During the past six months, Tara Conner has shared a room with pop stars Sheila E. and Taylor Dayne. The former Miss USA has boogied down with the funkadelic George Clinton. She has flown to England in an attempt to turn some girls gone wild to mild.
And yet the highlight for the self- described “pretty busy little muffin” was sitting in the kitchen with her “country as a corn flake” grandmother during a Christmas visit, making chocolate pies and singing Coal Miner's Daughter.
“You just can't beat that,” she said.
As the first Miss USA from Kentucky, Conner, 23, a graduate of Russell County High School, made some unwanted headlines, nearly losing her 2006 crown because of her hard-partying ways. She held a tearful news conference, went to rehab and retained her crown; along the way, she became one of the best-known Miss USAs in recent memory.
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Conner has most recently parlayed that fame into two television shows. She is competing in the third installment of CMT's Gone Country, a reality competition that tries to turn celebrities into country music stars. (Thus the bunking with pop stars and the funkadelic boogie.)
She also is one of the hosts of MTV's The Girls of Hedsor Hall, a reality show that takes bad girls from America and gives them the strict English prep school treatment.
Fortunately, Conner said, the two shows are broadcast at different times, and the so inclined can get a weekly double dose of her.
Gone Country, which airs new episodes through March, is close to her heart because she always has wanted to sing. She grew up around music because her father and uncle played instruments and sang, but, she said, she was too insecure to join in.
The show, she said, was surreal, what with Clinton always falling asleep with food in his beard and her kind of not knowing what her roommates, Sheila E. and Dayne, were famous for until one day it clicked. “Oh, you sang that!” (Dayne is best known for her 1988 hit Tell It to My Heart, and Sheila E. hit the charts in 1984 with The Glamorous Life. She also worked with Prince.)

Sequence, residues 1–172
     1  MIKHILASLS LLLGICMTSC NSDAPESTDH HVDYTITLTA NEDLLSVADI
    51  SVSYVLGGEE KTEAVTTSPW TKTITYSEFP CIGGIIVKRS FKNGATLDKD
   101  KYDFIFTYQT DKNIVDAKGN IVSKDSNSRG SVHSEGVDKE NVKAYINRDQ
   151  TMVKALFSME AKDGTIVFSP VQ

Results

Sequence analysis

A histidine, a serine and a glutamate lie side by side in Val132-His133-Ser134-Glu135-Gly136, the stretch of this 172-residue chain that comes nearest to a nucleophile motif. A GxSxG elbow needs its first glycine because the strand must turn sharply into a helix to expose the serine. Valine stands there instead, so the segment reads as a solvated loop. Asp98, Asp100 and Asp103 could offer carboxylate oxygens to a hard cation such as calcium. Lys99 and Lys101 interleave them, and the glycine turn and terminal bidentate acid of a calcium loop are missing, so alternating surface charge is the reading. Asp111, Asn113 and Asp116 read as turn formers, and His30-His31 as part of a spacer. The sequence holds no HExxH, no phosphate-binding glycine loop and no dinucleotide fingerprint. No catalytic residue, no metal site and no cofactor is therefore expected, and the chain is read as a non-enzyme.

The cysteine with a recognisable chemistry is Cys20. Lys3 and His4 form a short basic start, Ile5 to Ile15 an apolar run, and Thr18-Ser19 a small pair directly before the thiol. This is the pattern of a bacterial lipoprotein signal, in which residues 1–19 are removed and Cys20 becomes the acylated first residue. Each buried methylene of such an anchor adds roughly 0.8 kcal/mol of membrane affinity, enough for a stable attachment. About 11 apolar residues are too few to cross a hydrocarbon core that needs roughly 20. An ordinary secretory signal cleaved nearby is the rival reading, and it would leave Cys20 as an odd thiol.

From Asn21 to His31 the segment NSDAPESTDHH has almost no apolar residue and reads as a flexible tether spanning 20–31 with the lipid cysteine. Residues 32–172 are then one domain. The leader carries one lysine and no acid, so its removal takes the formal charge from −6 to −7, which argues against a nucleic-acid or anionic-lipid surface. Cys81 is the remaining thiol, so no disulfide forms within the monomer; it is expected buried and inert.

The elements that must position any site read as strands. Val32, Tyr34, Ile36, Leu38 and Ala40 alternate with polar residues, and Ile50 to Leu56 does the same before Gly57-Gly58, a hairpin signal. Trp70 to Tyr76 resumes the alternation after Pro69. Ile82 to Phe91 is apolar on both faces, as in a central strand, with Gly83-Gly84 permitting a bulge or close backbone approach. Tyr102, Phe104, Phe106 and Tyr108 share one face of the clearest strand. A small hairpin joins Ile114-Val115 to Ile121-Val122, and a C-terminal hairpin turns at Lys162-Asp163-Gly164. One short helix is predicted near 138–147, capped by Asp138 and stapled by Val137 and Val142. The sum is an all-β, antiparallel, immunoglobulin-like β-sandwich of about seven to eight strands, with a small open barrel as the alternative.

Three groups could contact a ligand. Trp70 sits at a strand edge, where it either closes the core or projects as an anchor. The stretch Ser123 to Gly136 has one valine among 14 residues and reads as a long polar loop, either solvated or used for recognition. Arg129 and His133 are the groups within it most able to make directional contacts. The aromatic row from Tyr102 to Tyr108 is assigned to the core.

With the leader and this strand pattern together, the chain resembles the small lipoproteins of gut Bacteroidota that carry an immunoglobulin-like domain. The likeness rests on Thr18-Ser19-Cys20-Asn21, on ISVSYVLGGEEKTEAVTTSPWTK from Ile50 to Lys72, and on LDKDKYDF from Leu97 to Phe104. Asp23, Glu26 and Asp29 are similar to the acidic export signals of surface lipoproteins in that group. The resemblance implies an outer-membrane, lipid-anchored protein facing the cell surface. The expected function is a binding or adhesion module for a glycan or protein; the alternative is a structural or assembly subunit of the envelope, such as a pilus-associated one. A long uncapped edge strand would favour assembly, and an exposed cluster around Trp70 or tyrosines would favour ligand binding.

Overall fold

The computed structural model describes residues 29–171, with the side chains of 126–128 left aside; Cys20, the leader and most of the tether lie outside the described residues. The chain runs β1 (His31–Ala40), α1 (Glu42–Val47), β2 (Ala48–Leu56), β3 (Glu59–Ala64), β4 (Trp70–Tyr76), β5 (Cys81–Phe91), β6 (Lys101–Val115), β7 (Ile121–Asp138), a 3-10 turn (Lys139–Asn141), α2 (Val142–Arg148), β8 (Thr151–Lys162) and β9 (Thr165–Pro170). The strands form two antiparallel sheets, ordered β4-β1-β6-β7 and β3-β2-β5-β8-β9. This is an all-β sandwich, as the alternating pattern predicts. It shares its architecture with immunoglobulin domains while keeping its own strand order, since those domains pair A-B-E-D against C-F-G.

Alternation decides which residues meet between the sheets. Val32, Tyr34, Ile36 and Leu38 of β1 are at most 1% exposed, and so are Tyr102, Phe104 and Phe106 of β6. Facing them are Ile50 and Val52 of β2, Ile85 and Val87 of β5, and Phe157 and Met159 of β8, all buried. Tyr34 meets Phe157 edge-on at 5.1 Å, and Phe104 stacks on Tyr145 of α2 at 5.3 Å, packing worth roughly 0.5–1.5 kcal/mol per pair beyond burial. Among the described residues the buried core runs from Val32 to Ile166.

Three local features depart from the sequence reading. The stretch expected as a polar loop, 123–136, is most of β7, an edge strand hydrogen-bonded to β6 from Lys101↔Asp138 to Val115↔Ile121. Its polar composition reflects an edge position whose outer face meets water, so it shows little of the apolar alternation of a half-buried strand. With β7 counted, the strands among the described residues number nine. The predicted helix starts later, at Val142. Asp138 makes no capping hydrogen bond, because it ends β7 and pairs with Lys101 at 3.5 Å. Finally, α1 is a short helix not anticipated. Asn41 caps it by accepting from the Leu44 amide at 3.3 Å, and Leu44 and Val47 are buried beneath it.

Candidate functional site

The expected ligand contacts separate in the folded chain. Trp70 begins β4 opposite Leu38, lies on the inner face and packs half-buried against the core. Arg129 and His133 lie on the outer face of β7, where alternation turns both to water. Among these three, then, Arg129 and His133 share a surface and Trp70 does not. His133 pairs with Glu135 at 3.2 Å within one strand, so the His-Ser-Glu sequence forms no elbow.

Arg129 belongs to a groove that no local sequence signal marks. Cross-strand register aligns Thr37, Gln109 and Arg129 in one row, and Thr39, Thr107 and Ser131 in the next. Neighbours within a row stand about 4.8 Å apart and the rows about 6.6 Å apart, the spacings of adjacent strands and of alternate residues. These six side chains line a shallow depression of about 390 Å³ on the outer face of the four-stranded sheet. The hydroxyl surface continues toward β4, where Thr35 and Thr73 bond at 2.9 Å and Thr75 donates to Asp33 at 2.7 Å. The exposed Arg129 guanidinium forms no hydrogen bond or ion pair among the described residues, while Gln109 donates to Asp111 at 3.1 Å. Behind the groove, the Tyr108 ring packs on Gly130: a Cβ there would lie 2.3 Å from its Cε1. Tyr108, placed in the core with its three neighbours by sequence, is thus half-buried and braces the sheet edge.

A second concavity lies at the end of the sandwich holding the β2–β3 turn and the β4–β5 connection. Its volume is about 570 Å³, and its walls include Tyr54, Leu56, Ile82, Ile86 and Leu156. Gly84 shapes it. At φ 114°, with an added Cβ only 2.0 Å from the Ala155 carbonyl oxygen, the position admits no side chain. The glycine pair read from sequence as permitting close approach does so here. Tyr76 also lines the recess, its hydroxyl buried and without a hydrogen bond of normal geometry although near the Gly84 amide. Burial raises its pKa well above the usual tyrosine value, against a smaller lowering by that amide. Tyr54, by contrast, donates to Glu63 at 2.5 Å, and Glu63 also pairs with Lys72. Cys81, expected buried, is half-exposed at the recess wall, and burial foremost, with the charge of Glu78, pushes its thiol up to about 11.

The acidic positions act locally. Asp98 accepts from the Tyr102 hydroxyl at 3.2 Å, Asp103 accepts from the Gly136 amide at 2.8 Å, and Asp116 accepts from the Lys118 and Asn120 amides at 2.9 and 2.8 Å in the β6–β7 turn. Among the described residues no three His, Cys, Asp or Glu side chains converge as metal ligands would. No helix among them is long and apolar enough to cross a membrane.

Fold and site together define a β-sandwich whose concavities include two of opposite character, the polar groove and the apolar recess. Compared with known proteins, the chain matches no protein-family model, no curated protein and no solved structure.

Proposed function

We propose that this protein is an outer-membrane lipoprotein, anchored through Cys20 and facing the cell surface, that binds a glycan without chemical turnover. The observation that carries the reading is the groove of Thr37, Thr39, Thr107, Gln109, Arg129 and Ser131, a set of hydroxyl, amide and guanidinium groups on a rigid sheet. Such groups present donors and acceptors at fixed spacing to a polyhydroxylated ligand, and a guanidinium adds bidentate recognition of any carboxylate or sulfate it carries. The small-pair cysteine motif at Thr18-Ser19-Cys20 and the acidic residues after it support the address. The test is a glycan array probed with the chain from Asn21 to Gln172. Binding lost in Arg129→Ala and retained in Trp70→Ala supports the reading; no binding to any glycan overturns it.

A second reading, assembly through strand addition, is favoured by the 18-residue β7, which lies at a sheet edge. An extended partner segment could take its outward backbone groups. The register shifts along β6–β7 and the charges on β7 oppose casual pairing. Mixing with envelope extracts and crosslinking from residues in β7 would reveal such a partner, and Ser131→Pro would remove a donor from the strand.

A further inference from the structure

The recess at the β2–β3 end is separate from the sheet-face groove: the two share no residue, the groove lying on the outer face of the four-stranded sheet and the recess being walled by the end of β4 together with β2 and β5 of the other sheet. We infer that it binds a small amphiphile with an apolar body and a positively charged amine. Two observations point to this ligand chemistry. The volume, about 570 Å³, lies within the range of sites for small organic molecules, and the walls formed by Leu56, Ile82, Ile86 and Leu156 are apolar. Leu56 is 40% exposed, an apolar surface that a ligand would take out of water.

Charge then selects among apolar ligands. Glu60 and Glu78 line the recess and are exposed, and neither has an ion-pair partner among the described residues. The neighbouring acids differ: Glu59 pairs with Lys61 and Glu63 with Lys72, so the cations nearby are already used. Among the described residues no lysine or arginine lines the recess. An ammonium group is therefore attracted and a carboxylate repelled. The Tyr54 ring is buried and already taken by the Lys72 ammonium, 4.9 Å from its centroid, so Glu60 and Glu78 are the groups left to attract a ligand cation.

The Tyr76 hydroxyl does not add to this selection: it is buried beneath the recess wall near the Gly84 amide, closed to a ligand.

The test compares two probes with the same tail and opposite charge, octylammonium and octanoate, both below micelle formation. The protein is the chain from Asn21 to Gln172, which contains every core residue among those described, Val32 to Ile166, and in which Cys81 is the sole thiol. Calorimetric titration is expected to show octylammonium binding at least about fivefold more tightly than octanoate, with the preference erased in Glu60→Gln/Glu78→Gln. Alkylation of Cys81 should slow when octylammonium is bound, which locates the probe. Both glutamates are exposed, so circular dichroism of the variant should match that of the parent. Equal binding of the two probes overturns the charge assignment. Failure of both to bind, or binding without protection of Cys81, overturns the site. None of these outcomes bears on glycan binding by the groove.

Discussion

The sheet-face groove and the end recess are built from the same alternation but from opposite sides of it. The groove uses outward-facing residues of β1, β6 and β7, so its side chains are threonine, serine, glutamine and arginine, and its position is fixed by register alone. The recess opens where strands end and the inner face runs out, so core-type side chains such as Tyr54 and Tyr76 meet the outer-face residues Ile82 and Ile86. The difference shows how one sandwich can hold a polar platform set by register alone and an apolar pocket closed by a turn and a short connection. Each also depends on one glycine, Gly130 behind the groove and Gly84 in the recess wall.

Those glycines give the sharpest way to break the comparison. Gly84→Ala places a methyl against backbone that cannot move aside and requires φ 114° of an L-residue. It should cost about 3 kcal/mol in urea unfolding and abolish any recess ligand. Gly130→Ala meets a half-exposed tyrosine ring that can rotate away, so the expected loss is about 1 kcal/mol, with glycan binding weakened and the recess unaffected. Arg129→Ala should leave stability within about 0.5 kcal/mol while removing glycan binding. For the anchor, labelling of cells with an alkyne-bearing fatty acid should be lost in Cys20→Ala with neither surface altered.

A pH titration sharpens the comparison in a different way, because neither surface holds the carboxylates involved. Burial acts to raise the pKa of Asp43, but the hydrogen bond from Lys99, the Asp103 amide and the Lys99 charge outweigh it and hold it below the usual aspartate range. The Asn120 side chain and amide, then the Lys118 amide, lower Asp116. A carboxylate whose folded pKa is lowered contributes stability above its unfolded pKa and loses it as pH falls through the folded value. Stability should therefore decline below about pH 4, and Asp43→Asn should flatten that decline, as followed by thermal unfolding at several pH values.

“It was like I was in Wayne's World. … ‘I'm not worthy,'” Conner said.
But, she said, she hopes she can translate her time on the show into a real country music career along the lines of her musical inspirations, who are as varied as Miley Cyrus and Loretta Lynn. She's working with a Nashville vocal coach and writing her own songs, one of which she just mastered, a fact she mentioned several times in a short interview.
If singing doesn't work out, there is always hosting.
“I have so many different hidden talents,” she said.
Hedsor Hall is the latest in a line of shows, from American Idol to Rock of Love Charm School With Sharon Osbourne, in which British people tell Americans how to behave.
Conner, who is accompanied by British colleagues, hosts the show but helps by teaching things such as how to walk with a book on your head. She said she was surprised how easily a country girl from Kentucky fit in with the British upper crust.
“Every proper lady that walked into Hedsor Hall, I bonded with,” she said.
At the same time, as a reformed bad girl, she said she felt a connection with the young women on the show.
Conner has resigned herself to the fact that, for at least a while longer, she will be identified with her infamous past. But she is taking it in stride. “There is always going to be somebody who has something to say,” she said, “but it is getting easier.”